So if you have an older game, like Half-Life, you should be able to just go into GeForce Experience and render it at 4K, then down-sample it to your 1080 or 1440 monitor, just by using a dropdown menu.
And you won’t necessarily need a Maxwell-powered Nvidia card, either. “We weren’t saying this before, but Dynamic Super Resolution will be available to older generation cards as well,” Coonrad said. “So if you have like a 780 or a Titan, with plenty of performance, you might ask, ‘Do I really need to buy a new card to get this?’ The answer is no.”
Coonrad also touted another feature that I, and a lot of other longtime PC gamers, tend to look very skeptically at: automatic game optimization.
GeForce Experience will automatically scale each game’s settings to your hardware profile at the click of a button. But it always struck me as a pointless feature, because I could as easily to the same thing inside the game (albeit without the aid of DSR) to tailor the game’s appearance and performance to my own preferences. In fact, a lot of players consider this kind of tinkering to be part of the fun of hardware upgrades. Just how far can you push your rig? How many dynamic shadows do you want to see?
Coonrad, however, thinks Nvidia can offer something better than just eyeballing a video settings screen and tweaking values.
People can access most of the settings they need, Coonrad said, “but even then, they don’t know how much or what to do. So we actually have a huge database of all the settings, and all the combinations of performance hardware that you have in your computer that allows it to optimize for your specific configuration.
“This the magic of our technology. This particular thing took a lot of time to build. We have a huge combination of machines in our GTL, our Global Test Laboratory. It’s machines all over the world that belong to Nvidia, and that are part of our engineering systems or our cloud-based systems to test the different combinations of our hardware.”
In other words, GeForce Experience isn’t just kicking out the video settings equivalent of a Windows Experience number. It’s using well-tested settings on each game for your exact hardware configuration. You just tell it where you want to strike the balance between performance and image quality, and it handles the rest.
“There are guys who go through every game, and go to the parts that we know to be the most difficult parts of the game [from a performance standpoint]. Then we run them through these tests and determine how they affect performance. There’s a lot of man-hours that goes into making GeForce Experience work.”
I find this kind of enticing. There are a lot of settings that I simply don’t have a lot of investment in, and it’s hard to know exactly what “ultra” vs. “high” always translates to. For someone like me, who doesn’t want to lose his mind tweaking things like “shadow quality” and “terrain noise”, the idea of having GeForce knowing exactly the right settings has some appeal.
Nice and smooth
Even more tempting, however, is a G-sync monitor. The demo unit at Battle Grounds was, fittingly enough, running StarCraft 2. It’s a technology that’s become a bit more urgent for me ever since I went to a 27-inch 1440 monitor and, for the first time, saw levels of screen-tearing that I simply couldn’t deal with.
G-Sync really does offer some tangible gains over that experience. Scrolling around a busy StarCraft map, I was taken aback by how smooth it was. It felt unnatural because I’m so used to turning-off V-sync and simply putting up with the tearing. Playing a game where the video is always as smooth as glass is a bit disorienting at first.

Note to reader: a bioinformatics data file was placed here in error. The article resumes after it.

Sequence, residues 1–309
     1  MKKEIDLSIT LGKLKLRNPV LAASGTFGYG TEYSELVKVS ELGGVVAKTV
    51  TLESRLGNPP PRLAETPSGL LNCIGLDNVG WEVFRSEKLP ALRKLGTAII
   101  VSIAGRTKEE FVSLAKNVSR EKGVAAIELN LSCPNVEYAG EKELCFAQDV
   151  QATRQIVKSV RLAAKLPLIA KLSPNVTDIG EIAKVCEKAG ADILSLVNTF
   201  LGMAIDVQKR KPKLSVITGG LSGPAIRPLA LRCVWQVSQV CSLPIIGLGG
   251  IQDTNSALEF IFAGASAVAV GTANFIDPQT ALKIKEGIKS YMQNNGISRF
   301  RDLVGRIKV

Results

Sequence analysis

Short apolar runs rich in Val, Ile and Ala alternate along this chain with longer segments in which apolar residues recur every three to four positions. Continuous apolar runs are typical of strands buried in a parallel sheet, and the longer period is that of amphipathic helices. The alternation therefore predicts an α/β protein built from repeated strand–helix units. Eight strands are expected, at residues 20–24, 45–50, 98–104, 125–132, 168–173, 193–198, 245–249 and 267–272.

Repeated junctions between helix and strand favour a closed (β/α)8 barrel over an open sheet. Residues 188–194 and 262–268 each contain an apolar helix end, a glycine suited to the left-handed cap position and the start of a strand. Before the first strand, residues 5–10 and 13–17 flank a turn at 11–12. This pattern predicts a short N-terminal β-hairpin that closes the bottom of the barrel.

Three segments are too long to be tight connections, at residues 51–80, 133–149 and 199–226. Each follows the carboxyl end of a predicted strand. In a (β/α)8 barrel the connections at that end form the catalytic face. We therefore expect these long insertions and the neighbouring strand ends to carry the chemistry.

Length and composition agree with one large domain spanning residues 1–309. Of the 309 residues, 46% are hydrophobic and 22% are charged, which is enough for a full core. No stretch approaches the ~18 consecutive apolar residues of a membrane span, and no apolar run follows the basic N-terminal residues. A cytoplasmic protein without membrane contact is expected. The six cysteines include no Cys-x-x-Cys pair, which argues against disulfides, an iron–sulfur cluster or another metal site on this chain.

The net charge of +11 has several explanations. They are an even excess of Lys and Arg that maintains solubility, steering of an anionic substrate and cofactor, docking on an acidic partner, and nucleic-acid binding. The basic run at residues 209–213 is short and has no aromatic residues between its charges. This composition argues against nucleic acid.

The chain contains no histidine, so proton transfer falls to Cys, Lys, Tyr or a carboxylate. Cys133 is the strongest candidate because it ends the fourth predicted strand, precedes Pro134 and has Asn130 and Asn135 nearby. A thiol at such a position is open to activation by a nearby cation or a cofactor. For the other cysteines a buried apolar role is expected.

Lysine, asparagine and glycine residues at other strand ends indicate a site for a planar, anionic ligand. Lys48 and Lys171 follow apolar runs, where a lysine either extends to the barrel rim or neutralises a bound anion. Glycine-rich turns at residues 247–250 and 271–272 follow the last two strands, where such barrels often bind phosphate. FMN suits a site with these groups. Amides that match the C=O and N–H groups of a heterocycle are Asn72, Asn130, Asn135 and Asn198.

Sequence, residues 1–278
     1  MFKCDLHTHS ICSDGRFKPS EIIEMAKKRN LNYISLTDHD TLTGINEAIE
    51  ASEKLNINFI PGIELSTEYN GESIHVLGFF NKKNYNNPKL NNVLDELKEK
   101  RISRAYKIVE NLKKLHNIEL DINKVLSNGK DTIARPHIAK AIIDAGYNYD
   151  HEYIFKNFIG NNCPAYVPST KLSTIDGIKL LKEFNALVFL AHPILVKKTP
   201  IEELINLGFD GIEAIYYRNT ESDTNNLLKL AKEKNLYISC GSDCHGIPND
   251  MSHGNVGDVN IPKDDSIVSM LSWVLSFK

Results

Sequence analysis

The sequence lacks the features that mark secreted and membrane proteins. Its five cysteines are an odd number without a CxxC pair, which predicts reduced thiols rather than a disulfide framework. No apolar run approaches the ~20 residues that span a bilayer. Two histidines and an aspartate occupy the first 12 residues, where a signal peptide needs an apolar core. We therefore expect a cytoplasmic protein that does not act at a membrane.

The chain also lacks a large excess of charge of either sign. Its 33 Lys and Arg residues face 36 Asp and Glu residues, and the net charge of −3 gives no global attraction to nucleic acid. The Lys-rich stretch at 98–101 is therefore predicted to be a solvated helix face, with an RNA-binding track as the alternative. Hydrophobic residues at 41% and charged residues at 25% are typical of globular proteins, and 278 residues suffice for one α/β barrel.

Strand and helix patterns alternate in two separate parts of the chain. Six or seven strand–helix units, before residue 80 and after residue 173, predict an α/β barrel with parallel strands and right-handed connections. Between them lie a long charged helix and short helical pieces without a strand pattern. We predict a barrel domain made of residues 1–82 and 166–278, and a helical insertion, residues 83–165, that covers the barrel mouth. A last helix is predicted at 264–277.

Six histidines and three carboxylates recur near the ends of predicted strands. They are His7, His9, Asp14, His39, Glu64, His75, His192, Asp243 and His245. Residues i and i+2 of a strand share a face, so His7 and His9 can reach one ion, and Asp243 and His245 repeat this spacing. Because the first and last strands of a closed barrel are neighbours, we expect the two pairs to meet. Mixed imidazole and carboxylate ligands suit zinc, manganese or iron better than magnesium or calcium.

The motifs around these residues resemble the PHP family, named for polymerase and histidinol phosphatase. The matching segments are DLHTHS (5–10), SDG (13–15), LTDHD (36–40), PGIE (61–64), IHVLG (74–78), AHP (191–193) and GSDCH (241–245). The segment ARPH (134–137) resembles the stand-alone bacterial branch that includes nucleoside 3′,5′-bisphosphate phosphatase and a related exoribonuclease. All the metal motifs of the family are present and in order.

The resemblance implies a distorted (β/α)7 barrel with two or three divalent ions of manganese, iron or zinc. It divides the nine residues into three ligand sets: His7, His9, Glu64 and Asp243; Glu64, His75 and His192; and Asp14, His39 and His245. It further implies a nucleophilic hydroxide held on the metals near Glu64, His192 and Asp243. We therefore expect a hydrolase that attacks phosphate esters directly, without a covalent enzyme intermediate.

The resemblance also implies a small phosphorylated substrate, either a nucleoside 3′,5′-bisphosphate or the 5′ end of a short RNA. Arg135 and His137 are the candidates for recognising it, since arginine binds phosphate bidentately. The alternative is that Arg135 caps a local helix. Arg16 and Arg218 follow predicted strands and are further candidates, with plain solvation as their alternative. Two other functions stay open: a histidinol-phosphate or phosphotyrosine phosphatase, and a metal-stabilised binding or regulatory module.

The reality isn’t always as ideal as it was in StarCraft 2, and Digital Foundry did a lovely breakdown of the good and bad of G-Sync over on Eurogamer. But if you were in the market for a new monitor and had the required GeForce 6 series or higher video card, G-Sync would be an easy recommendation.
But G-Sync is an all-or-nothing proposition. It doesn’t work with AMD cards, and it also doesn’t play nicely with other monitors. That last part, Coonrad admits, is a problem.
“We’re working on that. Right now we cannot have more than one monitor running with G-Sync. That’s the glorious problem with G-Sync. It’s such a different way of sending frames to the monitor, it needs that other chip inside the monitor,” he said. ““You can have dual-monitor G-Sync, but not G-Sync and non-G-Sync.
“Because basically you have to have one display head giving the variable refresh rate signal, and another giving that standard locked signal. And since the GPU does the work together, it essentially has to have two frame buffer outputs. One that’s locked, and one that’s unlocked,” he said.
Not everyone will find this a “glorious” problem. I told Coonrad that having to give up my Ultrasharp monitor for a G-Sync device is a deal-breaker, and he acknowledged that a lot of people will probably be in the same boat. Nvidia are trying to find a solution.
“There are theories on how to do it. Like, you could have a virtualized environment with the locked one. Because that’s easier to do. So let’s say you had a the desktop with your chat open, and you wanted to game on G-Sync. That would be easier to do. We just haven’t figured it out. We’re working on it.”
Hard sell on the walled garden
The thing is, like anyone else trying to lure people into an ecosystem, Nvidia have to contend with the fact that a lot of people have already made choices that make it hard to bring them aboard. A Radeon owner can’t run G-Sync, and someone running a dual-monitors is unlikely to run out and buy two new G-Sync devices. Nor can Nvidia go back in time and get their cards into the PS4 or Xbox One.
But bit by bit, Nvidia are making the case for their technology as something more than just a way to get higher framerates and slightly nicer effects. They’re leaving Coke vs. Pepsi territory and getting closer to Apple vs. Windows. Whether PC gamers will want to follow is an open question.
It’s an interesting idea. Nvidia aren’t just selling the idea that they can push technology harder than anybody else, but that they can make the day-to-day experience of using it better than it’s ever been before.
But the catch is that you have to become an Nvidia gamer, not just a PC gamer. But with the technology and services Nvidia are developing, that no longer seems like such a leap.